The Limerick home of President John F. Kennedy's Irish ancestors has been inadvertently discovered by council workers clearing undergrowth to make space for a new pathway. 

The ruins, which date back to the 1820s, were uncovered outside the Limerick town of Bruff; a town that produced three of Rose Fitzgerald Kennedy's grandparents. 

The farmhouse was formerly the residence of Mary Lenihan - one of JFK's great-great-grandmothers - who moved out of the cottage in 1828 to marry her neighbor Edmund Fitzgerald. She gave birth to her daughter Mary - Rose Fitzgerald's paternal grandmother - in 1832 but is thought to have died shortly afterward. 

The ruined cottage, located on Palatine Road outside Bruff, had been hidden by trees and bushes for decades, while trees were observed to be growing through the cottage's floors. 

Jean Kennedy Smith and Caroline Kennedy both visited the suspected site of the Fitzgerald family homestead in the past, but the recent discovery marks the first physical evidence of the surviving ruins, according to the Irish Independent. 

While John F. Kennedy's Irish ancestry is often linked to the Wexford town of New Ross after his great-grandfather Patrick Kennedy left the town during the Famine, it is the Limerick Town of Bruff that provides the "F" in Kennedy's name. 

Thomas Fitzgerald, JFK's maternal great-grandfather, emigrated from Bruff to Boston in 1852, laying the seeds for one of the most politically powerful families in American history. 

In 2019, the town of Bruff unveiled a statue of Kennedy holding his great-grandfather's bible outside the Thomas Fitzgerald Centre in the town.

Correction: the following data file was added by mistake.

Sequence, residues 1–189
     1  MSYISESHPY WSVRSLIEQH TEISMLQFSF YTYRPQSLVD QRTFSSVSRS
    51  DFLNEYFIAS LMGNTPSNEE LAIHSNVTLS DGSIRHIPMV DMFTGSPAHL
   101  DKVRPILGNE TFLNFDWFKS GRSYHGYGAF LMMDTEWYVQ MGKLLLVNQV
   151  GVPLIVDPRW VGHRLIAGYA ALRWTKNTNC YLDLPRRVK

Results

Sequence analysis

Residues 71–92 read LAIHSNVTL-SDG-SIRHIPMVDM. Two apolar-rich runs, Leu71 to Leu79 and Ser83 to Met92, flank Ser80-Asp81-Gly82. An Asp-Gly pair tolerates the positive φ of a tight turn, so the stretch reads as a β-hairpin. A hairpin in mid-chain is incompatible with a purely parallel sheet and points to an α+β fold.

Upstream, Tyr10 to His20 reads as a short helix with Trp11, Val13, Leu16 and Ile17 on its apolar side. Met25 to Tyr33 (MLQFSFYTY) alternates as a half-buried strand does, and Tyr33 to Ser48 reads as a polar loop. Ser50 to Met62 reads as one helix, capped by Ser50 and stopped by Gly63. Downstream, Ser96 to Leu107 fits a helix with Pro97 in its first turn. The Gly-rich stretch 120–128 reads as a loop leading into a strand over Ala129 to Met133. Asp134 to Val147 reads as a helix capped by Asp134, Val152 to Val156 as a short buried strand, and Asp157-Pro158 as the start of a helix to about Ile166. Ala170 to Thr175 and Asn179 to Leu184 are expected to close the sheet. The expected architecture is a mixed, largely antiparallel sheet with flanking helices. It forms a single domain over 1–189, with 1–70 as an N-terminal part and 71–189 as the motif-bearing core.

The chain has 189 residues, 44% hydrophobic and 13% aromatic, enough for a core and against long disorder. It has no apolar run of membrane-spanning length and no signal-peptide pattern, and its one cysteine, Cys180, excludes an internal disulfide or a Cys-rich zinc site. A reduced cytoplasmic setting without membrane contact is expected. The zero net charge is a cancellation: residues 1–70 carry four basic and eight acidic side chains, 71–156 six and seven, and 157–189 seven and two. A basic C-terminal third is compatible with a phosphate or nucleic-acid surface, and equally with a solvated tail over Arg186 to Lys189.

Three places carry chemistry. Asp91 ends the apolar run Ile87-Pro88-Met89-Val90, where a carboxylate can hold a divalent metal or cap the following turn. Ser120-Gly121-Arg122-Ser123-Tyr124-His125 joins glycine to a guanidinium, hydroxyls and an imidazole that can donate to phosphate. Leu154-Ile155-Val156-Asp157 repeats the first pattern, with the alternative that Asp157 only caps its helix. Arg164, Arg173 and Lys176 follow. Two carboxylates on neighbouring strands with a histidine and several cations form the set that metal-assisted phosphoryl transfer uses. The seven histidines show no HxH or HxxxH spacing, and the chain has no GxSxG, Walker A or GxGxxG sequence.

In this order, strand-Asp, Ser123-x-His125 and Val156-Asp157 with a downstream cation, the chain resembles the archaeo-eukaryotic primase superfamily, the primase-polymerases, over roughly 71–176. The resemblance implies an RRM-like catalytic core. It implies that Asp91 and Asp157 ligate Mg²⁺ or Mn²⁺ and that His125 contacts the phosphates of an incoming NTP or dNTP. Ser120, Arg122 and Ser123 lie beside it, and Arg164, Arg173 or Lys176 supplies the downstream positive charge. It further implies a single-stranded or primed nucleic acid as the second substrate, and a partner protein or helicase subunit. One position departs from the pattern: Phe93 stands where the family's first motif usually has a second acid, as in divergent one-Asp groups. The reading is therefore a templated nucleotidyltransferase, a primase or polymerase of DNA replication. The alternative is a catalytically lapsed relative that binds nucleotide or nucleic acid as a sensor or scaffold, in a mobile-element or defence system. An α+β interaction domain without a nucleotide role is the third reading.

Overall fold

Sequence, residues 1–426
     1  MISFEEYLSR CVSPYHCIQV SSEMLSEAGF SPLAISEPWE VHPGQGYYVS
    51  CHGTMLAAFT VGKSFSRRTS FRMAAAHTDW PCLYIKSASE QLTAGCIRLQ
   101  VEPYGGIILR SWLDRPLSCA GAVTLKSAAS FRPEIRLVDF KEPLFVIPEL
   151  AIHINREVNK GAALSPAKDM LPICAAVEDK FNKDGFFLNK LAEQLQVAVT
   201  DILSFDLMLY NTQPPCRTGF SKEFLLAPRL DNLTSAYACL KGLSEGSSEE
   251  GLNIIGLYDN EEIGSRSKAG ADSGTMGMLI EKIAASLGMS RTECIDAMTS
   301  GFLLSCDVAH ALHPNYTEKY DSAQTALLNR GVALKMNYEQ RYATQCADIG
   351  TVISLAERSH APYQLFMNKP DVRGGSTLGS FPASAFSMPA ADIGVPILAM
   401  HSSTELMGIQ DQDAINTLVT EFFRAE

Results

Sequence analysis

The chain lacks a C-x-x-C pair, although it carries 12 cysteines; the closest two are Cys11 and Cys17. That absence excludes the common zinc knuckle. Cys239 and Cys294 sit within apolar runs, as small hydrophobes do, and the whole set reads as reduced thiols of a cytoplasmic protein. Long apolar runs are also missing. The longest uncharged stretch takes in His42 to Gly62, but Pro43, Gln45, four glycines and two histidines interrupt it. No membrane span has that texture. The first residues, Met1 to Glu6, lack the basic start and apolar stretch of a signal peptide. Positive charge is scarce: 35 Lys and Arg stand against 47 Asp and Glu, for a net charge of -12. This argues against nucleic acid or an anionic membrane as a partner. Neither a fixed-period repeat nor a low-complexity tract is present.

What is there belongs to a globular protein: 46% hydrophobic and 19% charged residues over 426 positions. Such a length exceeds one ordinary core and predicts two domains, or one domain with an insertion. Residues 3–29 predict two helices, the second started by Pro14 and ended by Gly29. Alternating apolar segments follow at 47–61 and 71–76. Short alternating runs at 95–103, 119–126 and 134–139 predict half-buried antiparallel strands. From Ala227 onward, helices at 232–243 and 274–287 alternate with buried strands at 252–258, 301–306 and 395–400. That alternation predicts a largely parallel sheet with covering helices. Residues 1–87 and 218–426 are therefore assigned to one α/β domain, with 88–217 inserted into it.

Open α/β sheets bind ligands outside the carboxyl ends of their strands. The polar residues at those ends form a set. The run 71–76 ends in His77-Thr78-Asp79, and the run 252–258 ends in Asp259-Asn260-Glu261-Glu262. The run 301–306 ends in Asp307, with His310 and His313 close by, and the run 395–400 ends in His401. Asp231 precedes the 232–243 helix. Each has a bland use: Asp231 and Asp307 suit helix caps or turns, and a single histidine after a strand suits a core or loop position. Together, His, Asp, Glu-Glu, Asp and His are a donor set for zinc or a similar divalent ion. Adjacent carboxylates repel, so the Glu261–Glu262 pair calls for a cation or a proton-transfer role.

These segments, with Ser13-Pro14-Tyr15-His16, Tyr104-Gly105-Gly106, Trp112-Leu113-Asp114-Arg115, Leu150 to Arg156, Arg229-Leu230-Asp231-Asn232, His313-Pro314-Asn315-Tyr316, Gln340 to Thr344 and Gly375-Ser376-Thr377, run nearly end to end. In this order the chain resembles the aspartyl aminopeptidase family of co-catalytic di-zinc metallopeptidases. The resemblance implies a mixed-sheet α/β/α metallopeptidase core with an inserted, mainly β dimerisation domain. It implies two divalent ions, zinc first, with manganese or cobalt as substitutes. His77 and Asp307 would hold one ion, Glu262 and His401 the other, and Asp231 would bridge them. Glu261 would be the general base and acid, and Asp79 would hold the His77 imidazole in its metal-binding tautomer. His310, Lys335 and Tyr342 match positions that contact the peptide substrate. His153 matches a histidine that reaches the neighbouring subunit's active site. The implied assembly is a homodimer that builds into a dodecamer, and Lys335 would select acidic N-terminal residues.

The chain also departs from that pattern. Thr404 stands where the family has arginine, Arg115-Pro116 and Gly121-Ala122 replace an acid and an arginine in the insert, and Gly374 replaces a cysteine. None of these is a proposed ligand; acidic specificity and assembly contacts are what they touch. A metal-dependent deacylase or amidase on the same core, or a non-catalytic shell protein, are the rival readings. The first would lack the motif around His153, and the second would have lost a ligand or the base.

Local historian Declan Hehir traced the origins of the ruins back to John F. Kennedy by checking 19th-century land registries. 

Hehir told the Irish Independent that he had to look up Limerick Tithe Applotments from Bruff Civil Parish in 1833 to discover that the Lenihan family lived in the house. 

Realizing that Mary Lenihan had married Edmund Fitzgerald, Hehir put two and two together to trace the homestead back to the famous Irish-American president. 

Meanwhile, Mark Nagle, the Chairman of the Cruff Community Council, noted the irony of the discovery at a time when America had just elected another Irish-American president. 

"It's ironic that the time the house is uncovered coincides with a week when the whole of Ireland is transfixed by the election in the US and a win for another Irish-American whose ancestors left just after the Famine as well," he told the Irish Independent. 

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